Ruby is a freelance writer from the Philippines. She teaches communication courses and enjoys gardening and reading as her other pastimes.
Stage Fright: What Is It?
What precisely is stage fright? Anxiety comes in many forms, and one of those forms is known as stage fear. Similar to other types of anxiety, stage fright is caused by your brain and body falsely feeling that they are in danger. We humans have become quite adept in either combating or evading threats to our safety through the course of our evolutionary history. But when you are terrified, even when there is no actual threat, your body wants to fight, escape, or freeze; and this may get in the way of a variety of things, including performance.
By failing to prepare, you are preparing to fail.
— Benjamin Franklin
1. Prepare for the Occasion in Advance
Benjamin Franklin, a famous scientist and inventor declared, “By failing to prepare, you are preparing to fail.” Preparation is key for almost all upcoming tasks. Nothing beats good and thorough preparation for getting you mentally and physically ready. So, make every effort to get ready for your big appointment. To reduce performance anxiety, memorize, practice, or rehearse your presentation in front of your closest friends. If the event involves singing, consider honing your song in a Karaoke at home or in your own room. You'll experience the whole throng without all of the stress.
Make sure to set performance objectives for yourself in order to get over your stage fear. Try singing louder at the beginning of your set if you typically sing louder at the conclusion. Use a timer when practicing if you wish to slow down the speed of your presentation. Setting performance objectives might help you concentrate during practice and keep you on track during the actual performance.
When you practice, have everything ready, including notes, a microphone, a seat, musical instruments, and of course, bottled water. (You must continue to drink water!) And when you practice, dress nicely! Looking the part is the best way to get ready for the real thing.
2. Imagine Yourself Performing at Your Absolute Best
You should close your eyes and picture yourself doing a performance. You are performing flawlessly and making a connection with each and every person in the audience. Visualizations of this nature make you feel more at ease and put you in a better position to achieve your goals. Your mind possesses an incredible amount of power. Put it to use for your benefit. Exude assurance in oneself. Don't go about announcing your anxiety to everyone. Your anxiousness may increase, and you may easily irritate everyone else. Tell your bandmates and yourself that everything is fantastic, that you're all going to crush it tonight, and that the audience will be spellbound.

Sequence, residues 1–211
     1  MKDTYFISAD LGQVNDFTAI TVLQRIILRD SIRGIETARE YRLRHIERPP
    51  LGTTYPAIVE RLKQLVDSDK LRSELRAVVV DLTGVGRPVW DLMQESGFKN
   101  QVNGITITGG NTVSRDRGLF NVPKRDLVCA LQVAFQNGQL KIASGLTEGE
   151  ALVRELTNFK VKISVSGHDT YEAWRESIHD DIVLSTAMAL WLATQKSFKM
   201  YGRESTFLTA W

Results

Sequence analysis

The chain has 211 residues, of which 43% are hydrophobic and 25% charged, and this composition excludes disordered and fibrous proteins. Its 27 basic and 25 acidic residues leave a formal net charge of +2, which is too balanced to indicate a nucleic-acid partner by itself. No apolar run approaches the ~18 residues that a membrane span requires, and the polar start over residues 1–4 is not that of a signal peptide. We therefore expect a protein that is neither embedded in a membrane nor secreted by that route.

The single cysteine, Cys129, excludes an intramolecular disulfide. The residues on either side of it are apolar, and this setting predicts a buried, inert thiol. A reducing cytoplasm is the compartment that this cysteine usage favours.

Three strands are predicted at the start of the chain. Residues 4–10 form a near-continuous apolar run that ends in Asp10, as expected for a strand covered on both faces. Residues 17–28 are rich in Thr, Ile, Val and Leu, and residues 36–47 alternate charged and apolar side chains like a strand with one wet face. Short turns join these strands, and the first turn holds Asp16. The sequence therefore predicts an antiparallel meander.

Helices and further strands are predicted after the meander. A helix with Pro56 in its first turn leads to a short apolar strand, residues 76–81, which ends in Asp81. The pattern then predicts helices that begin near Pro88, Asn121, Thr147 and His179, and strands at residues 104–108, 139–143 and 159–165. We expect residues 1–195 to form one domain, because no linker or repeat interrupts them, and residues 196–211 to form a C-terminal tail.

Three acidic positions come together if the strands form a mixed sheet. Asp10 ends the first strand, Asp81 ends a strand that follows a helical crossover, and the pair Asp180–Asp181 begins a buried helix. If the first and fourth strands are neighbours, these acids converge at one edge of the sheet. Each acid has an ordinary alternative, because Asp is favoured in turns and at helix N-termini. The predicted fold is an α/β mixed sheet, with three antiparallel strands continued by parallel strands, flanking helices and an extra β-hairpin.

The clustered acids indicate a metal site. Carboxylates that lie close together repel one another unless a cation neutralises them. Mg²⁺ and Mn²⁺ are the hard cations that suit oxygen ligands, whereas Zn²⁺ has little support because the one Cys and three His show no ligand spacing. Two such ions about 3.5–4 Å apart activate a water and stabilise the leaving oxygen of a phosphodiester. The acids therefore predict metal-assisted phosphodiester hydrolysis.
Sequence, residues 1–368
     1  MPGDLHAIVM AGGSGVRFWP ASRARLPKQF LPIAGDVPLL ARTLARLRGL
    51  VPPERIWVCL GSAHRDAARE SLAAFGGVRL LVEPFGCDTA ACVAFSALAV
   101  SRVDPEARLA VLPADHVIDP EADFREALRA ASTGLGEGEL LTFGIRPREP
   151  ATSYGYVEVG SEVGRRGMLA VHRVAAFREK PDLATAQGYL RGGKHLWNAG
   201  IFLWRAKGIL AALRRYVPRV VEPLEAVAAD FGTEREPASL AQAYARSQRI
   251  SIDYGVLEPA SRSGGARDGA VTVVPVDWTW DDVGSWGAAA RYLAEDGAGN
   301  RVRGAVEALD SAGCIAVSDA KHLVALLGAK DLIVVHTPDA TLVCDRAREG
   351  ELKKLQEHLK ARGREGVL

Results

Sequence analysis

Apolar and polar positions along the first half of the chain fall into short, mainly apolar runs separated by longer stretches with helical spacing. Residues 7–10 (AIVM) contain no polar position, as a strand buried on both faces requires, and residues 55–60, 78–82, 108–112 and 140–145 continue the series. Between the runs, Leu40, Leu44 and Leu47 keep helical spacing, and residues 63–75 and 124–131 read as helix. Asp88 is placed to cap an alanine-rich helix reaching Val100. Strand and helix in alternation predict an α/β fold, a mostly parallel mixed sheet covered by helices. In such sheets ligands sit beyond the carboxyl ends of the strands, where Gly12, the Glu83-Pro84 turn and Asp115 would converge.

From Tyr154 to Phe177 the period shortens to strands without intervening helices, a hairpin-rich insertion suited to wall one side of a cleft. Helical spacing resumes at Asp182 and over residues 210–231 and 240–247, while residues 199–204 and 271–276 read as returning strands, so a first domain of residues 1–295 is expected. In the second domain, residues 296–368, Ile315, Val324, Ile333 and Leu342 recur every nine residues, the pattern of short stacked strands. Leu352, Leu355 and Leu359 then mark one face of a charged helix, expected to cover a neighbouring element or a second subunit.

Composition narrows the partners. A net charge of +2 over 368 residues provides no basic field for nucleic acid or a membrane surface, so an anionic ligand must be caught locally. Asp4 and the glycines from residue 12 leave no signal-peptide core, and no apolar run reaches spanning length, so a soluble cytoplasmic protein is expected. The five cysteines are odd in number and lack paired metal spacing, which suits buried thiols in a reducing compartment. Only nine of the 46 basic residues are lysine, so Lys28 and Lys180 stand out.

3. Breathe Deep, Stomach-Depth Breaths
Becoming a "talking head," characterized by fast and shallow breathing, is surprisingly simple in today's world, what with all the electronic devices and digital assistants that are readily available. This sort of respiratory cycle is made worse by the fight-or-flight reaction that occurs in response to social anxiety. Learn to breathe with your diaphragm to combat the effects of these practices. You will find that it not only helps you to have a more resonant voice, but that it also helps you to feel more at ease and slows down your pulse rate.
4. Trigger Your Endorphins by Physical Activity
Several studies have shown that exercise boosts one's confidence. If you are a performer, you presumably already engage in regular physical activity; thus, the day of a performance is not the time to slack up on your workout program. You are going to require those endorphins. Visit the gym, go for a run, or sign up for any physical fitness class—whatever helps you stay active the most. Exercising is one of the most effective ways to alleviate anxiety. Just make sure you don't push yourself too hard and tire yourself out. Keep some of your strength for the show.
5. Transform Your Negative Thoughts and Statements Into Good Ones
Sometimes, fear is only in the mind. It's your own thinking of fear that defeats you in the first place. The longer you remain in an unfavorable area in relation to your reaction to giving presentations in public, the more uncomfortable it will appear to be. Negative self-talk is something that all of us are well-versed in and all of us are professionals. Why not try to think in a more optimistic way instead? By inverting that harmful perspective, you may turn negative comments around and use them to your advantage. Establish a productive rhythm; then you can continue to ride. Finally, you can always claim God's assurance of help and success in every good thing that you want to do that reads "I can do all things through Christ, who strengthens me," (Philippians 4:13, EHV).
This content reflects the personal opinions of the author. It is accurate and true to the best of the author’s knowledge and should not be substituted for impartial fact or advice in legal, political, or personal matters.
© 2022 Ruby Campos